The MOMENT approach, an extract from our forthcoming book : How to care for Someone with Severe ME
LL THAT WE HAVE been advocating finds expression in our :MOMENT approach :
MAXIMISING OPPORTUNITY to MEET NEED TENDERLY.
This is your primary aim, because the person with severe ME is :
- extremely hypersensitive
- easily exhausted
- constantly experiencing their symptoms
- not experiencing the world and the immediate environment in the same way that you are.
To maximize any opportunity to help the person in a gentle and tender manner, you need to be flexible, compassionate, sensitive , personally aware and attentive. In Severe ME, is never really possible to know from moment to moment, whether any thought, action or interaction is possible.
Experience has taught us that it is not possible to imposes external expectations and demands ; the illness does not allow the person to comply with routine, rigidity, imposition or particular time frames. To apply external pressure or to expect a person with Severe ME to fit into any routine or expectation is unrealistic.
There is a massive delay between will, hope and functional ability, in Severe ME will power alone cannot change the person's physical reality or disease, no matter how much the person may want to do a particular thing .To maximize the opportunity to interact with, physically help and support the person with Severe ME or to help increase their quality of life, you need to take a moment-by-moment approach and be flexible.You cannot force the person and they simply cannot force themselves .
Often it may seem as if there is an empty space around the person, in which nothing is possible ; perhaps if you are paying enough attention and are willing , able , gentle and patient enough, there may be a moment in which you can achieve something together. It is essential to remember that with ME there will always be a post exertional impact that needs always to be considered and taken into account.
The moment-by-moment approach will often refer to what might be considered insignificant or tiny achievements , such as being able to cope with moving the bedclothes, take a sip of water, open your eyes and look at something, being able to tolerate the help needed to get to the toilet; these can be big events in the life of the Severe ME sufferer, even though the well person might take them for granted.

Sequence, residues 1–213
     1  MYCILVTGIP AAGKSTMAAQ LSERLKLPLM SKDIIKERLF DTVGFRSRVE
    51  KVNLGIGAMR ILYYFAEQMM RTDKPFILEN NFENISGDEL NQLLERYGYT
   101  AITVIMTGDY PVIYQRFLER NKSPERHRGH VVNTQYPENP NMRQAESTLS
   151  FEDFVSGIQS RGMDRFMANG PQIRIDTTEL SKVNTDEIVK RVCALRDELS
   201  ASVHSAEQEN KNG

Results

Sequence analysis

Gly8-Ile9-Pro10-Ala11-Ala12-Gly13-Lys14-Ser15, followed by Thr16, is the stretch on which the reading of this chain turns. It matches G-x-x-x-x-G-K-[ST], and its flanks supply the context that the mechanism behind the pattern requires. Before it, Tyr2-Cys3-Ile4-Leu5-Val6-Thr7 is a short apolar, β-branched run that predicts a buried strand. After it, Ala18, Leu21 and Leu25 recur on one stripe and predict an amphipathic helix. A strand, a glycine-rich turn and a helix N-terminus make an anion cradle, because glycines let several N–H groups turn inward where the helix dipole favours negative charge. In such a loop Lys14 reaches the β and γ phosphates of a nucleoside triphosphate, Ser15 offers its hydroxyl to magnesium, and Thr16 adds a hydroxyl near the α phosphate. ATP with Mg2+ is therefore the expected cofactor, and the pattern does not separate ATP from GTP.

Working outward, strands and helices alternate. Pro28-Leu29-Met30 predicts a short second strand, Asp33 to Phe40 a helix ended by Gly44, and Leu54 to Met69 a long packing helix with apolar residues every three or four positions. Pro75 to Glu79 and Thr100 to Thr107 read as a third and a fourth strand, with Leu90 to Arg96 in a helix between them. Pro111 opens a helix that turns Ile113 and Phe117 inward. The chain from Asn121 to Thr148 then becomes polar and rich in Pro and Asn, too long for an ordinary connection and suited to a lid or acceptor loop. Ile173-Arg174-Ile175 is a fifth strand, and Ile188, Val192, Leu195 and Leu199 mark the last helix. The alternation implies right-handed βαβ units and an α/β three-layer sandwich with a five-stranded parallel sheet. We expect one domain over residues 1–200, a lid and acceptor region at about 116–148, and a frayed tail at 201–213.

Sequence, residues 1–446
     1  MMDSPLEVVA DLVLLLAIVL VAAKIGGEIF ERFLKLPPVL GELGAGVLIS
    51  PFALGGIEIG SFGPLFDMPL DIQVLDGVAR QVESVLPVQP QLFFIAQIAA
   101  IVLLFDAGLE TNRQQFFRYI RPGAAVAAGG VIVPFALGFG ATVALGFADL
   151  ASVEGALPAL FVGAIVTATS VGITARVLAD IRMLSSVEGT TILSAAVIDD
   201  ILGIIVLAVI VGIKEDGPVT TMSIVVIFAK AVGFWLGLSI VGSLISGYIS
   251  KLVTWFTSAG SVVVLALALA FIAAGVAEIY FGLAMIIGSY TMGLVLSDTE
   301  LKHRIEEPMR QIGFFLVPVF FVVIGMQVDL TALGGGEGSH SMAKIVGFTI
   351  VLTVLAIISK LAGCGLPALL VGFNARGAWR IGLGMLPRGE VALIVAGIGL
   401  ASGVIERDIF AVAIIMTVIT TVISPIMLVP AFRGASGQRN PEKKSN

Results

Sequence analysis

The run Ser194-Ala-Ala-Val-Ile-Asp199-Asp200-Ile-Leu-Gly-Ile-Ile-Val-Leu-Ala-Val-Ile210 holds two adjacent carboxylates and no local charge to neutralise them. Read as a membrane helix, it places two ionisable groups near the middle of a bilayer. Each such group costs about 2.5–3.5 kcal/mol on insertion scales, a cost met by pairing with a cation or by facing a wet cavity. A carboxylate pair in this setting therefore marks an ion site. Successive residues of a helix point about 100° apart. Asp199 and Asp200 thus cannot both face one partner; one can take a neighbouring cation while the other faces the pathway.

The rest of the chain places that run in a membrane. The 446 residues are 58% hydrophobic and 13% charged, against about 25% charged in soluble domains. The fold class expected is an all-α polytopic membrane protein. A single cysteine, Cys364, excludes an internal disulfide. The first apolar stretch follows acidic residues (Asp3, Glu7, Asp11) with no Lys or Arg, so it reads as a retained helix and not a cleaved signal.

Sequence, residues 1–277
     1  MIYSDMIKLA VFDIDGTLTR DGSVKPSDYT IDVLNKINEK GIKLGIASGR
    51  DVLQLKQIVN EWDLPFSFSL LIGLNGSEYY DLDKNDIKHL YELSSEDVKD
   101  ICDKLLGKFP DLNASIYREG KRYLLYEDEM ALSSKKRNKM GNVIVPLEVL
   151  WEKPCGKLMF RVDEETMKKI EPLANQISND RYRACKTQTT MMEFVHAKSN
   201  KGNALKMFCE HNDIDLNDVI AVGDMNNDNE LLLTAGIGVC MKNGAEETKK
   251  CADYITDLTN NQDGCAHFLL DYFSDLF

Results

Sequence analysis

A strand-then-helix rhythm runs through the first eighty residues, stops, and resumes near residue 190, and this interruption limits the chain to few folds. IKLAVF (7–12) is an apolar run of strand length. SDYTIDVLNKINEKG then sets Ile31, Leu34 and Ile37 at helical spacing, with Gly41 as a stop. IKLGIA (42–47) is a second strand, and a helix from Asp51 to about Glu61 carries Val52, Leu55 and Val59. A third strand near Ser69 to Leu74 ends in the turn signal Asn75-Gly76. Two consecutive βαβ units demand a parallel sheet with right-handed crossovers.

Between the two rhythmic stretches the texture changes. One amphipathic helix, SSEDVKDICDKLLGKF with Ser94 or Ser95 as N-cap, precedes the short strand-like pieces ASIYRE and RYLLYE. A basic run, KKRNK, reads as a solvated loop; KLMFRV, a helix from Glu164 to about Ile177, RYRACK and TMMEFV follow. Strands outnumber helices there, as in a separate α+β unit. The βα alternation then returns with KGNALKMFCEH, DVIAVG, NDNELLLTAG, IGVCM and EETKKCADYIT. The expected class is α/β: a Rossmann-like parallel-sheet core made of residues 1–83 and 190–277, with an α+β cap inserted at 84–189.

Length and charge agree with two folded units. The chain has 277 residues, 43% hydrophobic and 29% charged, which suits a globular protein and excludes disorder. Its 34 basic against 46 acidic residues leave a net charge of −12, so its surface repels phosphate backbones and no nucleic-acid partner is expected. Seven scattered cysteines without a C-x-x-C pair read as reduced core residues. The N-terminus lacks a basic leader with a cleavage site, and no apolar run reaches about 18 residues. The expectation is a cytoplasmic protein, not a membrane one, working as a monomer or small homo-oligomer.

The change in ability to cope may be very subtle, it may take days, weeks, months to achieve even the simplest thing like washing your hair, writing a letter.
You need to grasp this idea that a moment in time can make all the difference to the person with Severe ME; that even when something is totally impossible in one moment, it may be achievable in the next. The role and the relationship of the carer are key in changing the impact of the disease upon the person's life. The caregiver becomes a link between the outside world and ME world. It is so important that the relationship that the caregiver has with the person with Severe ME is hopeful, uplifting valuing and validating .
The caregiver potentially makes the difference between a totally hostile environment and a positive hopeful moment.
The MOMENT approach requires personal maturity and great commitment. You wait upon the person to indicate their ability to accept help and you watch out, with awareness and knowledge to make sure that when that moment comes, you are ready and available. The MOMENT approach is rooted in a value system that believes in the integrity and equality of person-hood of the sick person and a deep belief in the human spirit to triumph over adversity.
One of the dangers of living with and helping someone with Severe ME is despair. A personal value base, motivated by love and the valuing of life, underpins the moment approach.. Without an intrinsic belief in the value of life, despair can overwhelm and negate many opportunities and moments for interaction.
Fundamentally, the MOMENT approach is a life- bringing approach, deeply respecting the person with Severe ME, who has most likely been disrespected and disregarded medically, socially and politically.
The caregiver's role is incredibly valuable and you should never underestimate its importance in the person's life. Embracing the moment approach should help you to have the best chance of enabling the person and enriching the relationship between you both. If you keep missing the moment, it is going to do more harm than good and not be satisfactory for either of you.
(Greg Crowhurst : From our forthcoming book : How to Care for Someone with Severe ME)